Tag Archives: french cooking

Sauteed Chicken Breasts with Julia’s Mushrooms

14 Aug

Happy Official Birthday, Julia! Here’s a beautiful tribute to la grande dame de cuisine herself, written by Marlo Thomas on HuffPo.

For those who’ve seen “Julie and Julia,” you might remember one of Julie Powell’s (er, Amy Adams’) early revelations from “Madame Scheeld” – don’t crowd the mushrooms! What does this semi-cryptic warning mean? (Given that it sounds like advice for when the shrooms were angsty middle schoolers – if you crowd ‘em, they get rebellious and cranky, apparently.)

Julie Powell (Amy Adams), NOT crowding her mushrooms.

Julia’s revelation was simple: When you sauté or cook your mushrooms and crowd too many of them in a pan, they’ll release their liquid and end up steaming each other, rather than browning. And brown, caramelized mushrooms are your goal, rather than “sweaty” mushrooms that haven’t had the chance to fully develop their flavors.

Determined to follow suit, I whipped up this recipe for Sauteed Chicken Breasts with Julia’s Mushrooms. The History Teacher and I noshed upon its tastiness to great effect, heartily drinking our beers alongside the dish as, I imagine, Julia and Paul enjoyed their French wines with gusto in their days in la belle France. For those of us who attempt to cook somewhat “healthily,” the butter content might stop your heart altogether. However! As Julia would say, never apologize – and never compromise with what she called “that other spread,” the infernal margarine. Bon appetit!

Julia at Le Cordon Bleu in Paris, with her beloved teacher, Chef Brugnard.

Sauteed Chicken Breasts with Julia’s Mushrooms – serves two

For the chicken breasts, you’ll need:

  • 2 boneless, skinless chicken breasts
  • 2 tbsp flour
  • A dash of poultry seasoning
  • Salt & pepper to season
  • 1 tbsp olive oil

For Julia’s Mushrooms

, you’ll need:

  • 1 ½ lbs mushrooms, wash, dried and sliced. (Use basic button mushrooms)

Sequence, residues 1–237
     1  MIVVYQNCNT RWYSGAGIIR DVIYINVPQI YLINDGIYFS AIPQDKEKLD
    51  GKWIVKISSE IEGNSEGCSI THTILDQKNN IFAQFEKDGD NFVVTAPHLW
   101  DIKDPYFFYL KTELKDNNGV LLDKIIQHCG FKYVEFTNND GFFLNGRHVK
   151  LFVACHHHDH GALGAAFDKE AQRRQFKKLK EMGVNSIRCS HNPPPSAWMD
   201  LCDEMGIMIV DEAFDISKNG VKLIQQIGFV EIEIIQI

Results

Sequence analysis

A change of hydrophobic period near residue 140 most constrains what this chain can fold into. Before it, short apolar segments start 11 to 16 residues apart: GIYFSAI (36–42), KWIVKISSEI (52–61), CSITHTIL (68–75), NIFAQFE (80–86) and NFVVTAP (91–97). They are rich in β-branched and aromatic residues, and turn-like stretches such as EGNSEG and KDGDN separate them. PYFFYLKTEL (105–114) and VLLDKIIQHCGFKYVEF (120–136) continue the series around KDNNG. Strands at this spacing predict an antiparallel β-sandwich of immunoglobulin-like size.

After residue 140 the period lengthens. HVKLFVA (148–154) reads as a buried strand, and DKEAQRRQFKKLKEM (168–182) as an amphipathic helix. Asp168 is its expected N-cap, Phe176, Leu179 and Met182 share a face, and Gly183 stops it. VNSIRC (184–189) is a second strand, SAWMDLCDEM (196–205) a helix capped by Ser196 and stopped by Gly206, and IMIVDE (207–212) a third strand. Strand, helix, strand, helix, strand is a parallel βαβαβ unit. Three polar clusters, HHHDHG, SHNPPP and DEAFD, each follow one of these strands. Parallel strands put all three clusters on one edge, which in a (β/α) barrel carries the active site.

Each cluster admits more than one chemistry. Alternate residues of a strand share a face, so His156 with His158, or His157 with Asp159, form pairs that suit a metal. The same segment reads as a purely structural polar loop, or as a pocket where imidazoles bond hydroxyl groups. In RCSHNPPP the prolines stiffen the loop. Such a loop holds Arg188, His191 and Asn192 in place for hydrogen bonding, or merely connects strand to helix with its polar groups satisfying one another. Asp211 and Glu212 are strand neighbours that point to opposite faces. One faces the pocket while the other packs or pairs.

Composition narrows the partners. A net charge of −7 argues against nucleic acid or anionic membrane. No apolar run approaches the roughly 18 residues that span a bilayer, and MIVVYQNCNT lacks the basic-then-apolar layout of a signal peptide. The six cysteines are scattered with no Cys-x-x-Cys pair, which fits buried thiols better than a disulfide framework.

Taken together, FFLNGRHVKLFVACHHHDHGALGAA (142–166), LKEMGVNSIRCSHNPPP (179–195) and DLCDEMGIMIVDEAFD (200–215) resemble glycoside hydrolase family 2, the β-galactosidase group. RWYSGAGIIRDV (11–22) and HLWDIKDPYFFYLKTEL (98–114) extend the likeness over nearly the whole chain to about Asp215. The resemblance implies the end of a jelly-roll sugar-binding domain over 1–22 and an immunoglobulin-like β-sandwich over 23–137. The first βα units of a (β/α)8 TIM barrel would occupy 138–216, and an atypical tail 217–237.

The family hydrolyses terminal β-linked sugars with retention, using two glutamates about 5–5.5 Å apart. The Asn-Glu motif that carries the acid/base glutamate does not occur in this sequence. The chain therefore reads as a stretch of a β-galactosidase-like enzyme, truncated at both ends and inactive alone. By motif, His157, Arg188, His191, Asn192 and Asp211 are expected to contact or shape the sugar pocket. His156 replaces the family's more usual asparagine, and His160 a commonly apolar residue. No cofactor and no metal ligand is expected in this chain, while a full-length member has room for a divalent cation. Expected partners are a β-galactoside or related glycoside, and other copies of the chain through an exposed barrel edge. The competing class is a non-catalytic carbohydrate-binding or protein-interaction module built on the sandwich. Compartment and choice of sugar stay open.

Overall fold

• 2 tbsp butter
  • 1 tbsp olive oil
  • Salt & pepper to taste
  • Parsley to serve

Here’s what you do:

  • Pound the chicken breasts until they are about ½ and inch thick; to easily do this, cover both the top and bottom of each breast with plastic wrap or a paper towel. Then, use a heavy, wieldable object (an actual meat tenderizer works perfectly, but I used the bottom of a heavy jar. Be resourceful!) to pound the breast meat until it’s at the right thickness.
  • In a wide, flat bowl, combine the flour, poultry seasoning, salt & pepper; dredge the chicken breasts lightly in the flour mixture on both sides.
  • In a 10-inch flat skillet, heat the olive oil over medium-high heat (about a 6 on your stove dial). When the oil is hot (sprinkle water droplets into the oil – if they hiss and steam up immediately, you’re ready), add the chicken breasts. Cook for 4-5 minutes on each side, until lightly browned and cooked through. Set aside on a plate, lightly covered in foil.
  • Add the butter and olive oil to the pan, raising the heat to high. When the butter’s foam subsides, add the mushrooms and toss occasionally, cooking for 4-5 minutes. They will absorb the fat, then begin “squeaking” as the water (well, steam) escapes them. They’ll brown quickly at this point, so only cook them for 1-3 minutes longer, or until well-browned.
  • On a serving plate, first place your chicken breasts. Top with Julia’s mushrooms; then, sprinkle salt, pepper and dried or fresh (chopped) parsley on top.

Bon appetit! And happy birthday to an American legend.